Embers and Revelations

Relapse Records has been in resurgent form over the last couple of years, revitalizing their roster and boosting their legendary track record and proven ability in providing exposure that some of the lesser known bands deserve.   Canada’s Weapon is another fine addition to the label’s large, esteemed staple.   Plucked from the grimy underground, Weapon applies a no-frills formula with just enough tricks up their sleeve and top-notch riffs to deliver a fresh and uncompromising brand of blackened death metal.

Weapon has previously released a couple of ep’s and full-lengths before being signed by Relapse for the release of their third album, Embers and Revelations.  Having no prior listening experience with Weapon’s back catalog, a point of comparison is lost, but by all accounts this latest album takes a smoother sonic route from previous recordings, stepping up the production values and favoring a cleaner, crisper sound.  This will likely piss off the purists, particularly those more attracted to their blackened roots, but the extra crunch and clarity does provide a solid counter punch to the visceral, savage attack.   The guitars have a sharp, buzzing tone and the drums sound huge.  The bass drums are particularly pummeling, with the snare and cymbals offering a crisp and snappy contrast.  Perhaps a rawer, looser production would give Embers and Revelations an uglier, meaner aesthetic, but on the flipside the more polished sound gives the material depth and punch without sacrificing heaviness.

The whole destructive package clocks-in at an economical 37-minutes.  The jam-packed content crammed within the concise time frame is a fast and furious whirlwind of tightly wound, mildly technical blackened riffs, a relentless barrage of blast beats, and vocals that take cues from both black and death metal.  The smattering of middle-eastern influences traces back to the band members roots, while the foreboding atmosphere gives the album real character.Weapon generally rely on relentless speed and jackhammer drumming to execute their aggressively manic style of blackened death. But they throw plenty of curve balls into the mix as well, such as the unpredictable leads that inject melody into the equation, seemingly coming out of nowhere and teetering on the verge of the chaotic.  Sinister grooves and dialed-back tempos pop-up sporadically,ensuring the songs don’t bleed into each other and become too one-dimensional in their delivery.  And the melodic strains sit comfortably within the otherwise brutal frameworks.  Vocalist/guitarist and band mastermind Vetis Monarch bookends the tight musicianship with his evil-sounding, raspy growl.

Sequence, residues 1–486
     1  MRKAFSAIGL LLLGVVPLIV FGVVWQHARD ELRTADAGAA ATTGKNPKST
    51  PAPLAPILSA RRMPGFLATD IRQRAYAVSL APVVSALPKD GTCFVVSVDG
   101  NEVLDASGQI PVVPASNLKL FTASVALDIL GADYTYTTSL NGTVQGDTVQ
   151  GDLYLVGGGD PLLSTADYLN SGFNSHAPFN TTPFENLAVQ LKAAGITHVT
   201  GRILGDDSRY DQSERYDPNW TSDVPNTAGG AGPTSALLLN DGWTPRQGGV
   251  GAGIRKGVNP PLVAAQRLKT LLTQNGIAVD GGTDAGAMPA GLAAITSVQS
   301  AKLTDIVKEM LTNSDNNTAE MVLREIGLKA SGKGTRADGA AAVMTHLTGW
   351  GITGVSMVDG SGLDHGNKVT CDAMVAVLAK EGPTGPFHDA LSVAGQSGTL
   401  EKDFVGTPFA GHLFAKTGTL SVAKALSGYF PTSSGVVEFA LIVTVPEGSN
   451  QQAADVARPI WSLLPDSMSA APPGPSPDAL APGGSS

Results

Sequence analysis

Weapon waste no time getting down to business and setting the tone for the rest of the album, bursting out of the gate with the punishing one-two punch of opening tunes “The First Witnesses of Lucifer” and the devastating “Vanguard of the Morning Star”, The former begins with an eerie, atmospheric intro that morphs into a killer mid-paced groove before jacking up the speed factor and featuring some spiraling guitar work and a frantic climax.  The latter is a ferociously knotty blast-fest interspersed with clever tempo variations, and it’s a great showcase of the speed and precision of The Disciple’s excellent drumming.  The title track is another briskly paced, visceral attack of blazing riffs and machine-gun blast beats.  It features an effective fast-slow dynamic during the earlier phases, before unfolding into some lurching double-bass grooves and compelling lead work. There really aren’t any weak tracks here; the quality is steady across the board and the boundless energy and aggression ramps up the intensity of the recording.

The violent, straight-forward impact of Weapon’s delivery is a healthy reminder of why we became enamored with the more extreme forms of musical expression in the first place.  Embers and Revelations isa high quality album that should appeal to a broad metal audience, and for the first-time listener it’s a strong endorsement to delve into their back catalog.

[Visit the band's website]
Written by Luke Saunders
October 31st, 2012


  1. Commented by: Biff_Tannen

    Like all Weapon material to date, this simply KILLS.

    I’m not sure why so many reviews are making a somewhat big deal about the production, because the sound on the previous full length, “From the Devil’s Tomb” was also super clear. The debut album had pretty clear productionas well…. but I think this one improves on it because the drums do indeed sound powerful. On “…Devil’s Tomb”, they sounded waaay too clicky and weak. Glad that they are returned to their proper glory.

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